There are important factors to consider with self-programming of a tablet screener, such as a possible copyright infringement if permission to use commercial screener is not obtained, issues of collection and protection of protected health information (especially when dealing with sensitive issues such as substance abuse histories and other highly confidential patient data), and eventual integration into an electronic medical record. The developers of the SOAPP®-R at Inflexxion do offer a commercially available tablet version (the Pain Assessment Interview Network—Clinical Advisory System – “PainCAS”).

This study supports three concepts. The first is that, with graphics-based programming languages like App Inventor, it is now possible for clinicians with minimal prior programming experience to create programs that can be used in the clinical setting, rendering development and implementation costs minimal. The second is that patients are able to interact with the technology of tablet computers in the ED setting, find them easy to use and appear to respond truthfully to the questions asked on a screener. The third concept is that, because it is electronic, there is little chance of data loss and exact times to completion of the survey can be recorded. Our app recorded the exact time taken from the first question of SOAPP®-R appearing on the screen to answering the last question, allowing for a precise measurement of time that did not rely on a researcher.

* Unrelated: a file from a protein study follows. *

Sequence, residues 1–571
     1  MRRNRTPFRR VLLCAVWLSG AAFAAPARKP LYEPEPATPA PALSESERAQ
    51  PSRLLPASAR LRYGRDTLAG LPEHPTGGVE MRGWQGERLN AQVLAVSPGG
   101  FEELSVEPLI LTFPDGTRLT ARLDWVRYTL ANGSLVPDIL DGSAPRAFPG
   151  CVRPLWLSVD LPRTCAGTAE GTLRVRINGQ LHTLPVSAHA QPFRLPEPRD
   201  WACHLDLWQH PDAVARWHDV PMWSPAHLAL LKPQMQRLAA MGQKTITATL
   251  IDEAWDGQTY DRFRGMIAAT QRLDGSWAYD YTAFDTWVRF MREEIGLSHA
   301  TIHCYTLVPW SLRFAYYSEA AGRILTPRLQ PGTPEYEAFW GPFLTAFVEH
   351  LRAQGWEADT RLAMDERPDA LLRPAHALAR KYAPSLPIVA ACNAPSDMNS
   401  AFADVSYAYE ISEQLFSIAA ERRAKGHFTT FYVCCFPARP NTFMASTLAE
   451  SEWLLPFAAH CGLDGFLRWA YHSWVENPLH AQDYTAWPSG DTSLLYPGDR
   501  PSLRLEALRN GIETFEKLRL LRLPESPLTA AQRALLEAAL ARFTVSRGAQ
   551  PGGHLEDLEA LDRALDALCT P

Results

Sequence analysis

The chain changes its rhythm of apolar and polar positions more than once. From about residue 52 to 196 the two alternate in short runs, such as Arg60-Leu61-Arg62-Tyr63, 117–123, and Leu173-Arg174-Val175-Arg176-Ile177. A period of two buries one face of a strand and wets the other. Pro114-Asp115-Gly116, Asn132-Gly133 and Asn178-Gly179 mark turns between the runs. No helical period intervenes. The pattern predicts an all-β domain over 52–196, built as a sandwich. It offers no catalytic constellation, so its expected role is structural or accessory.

As this was a convenience sample, selection bias may have been present. The study was conducted when research staff was available to enroll so only a small percentage of potentially eligible subjects was enrolled. We only included patients who were fluent in English and might have therefore excluded at-risk minority populations. Furthermore, because this is a single center study in an urban environment, the results may not be externally applicable to other patient populations. Specifically, we do not know if our patient population has more experience using tablet computers than others. Only 6.1% of our patients were aged 56 or older, so it is not possible to comment on the use of the tablet computer in the elderly population. Although about one-third of patients had an “at-risk” SOAPP®-R score, it is possible that patients were not truthful with the results. Alternatively, because patients knew that the results would not be reported to their treating clinician, they may have been honest when they would not have been if they feared that their answers would prevent them from receiving an opioid pain reliever.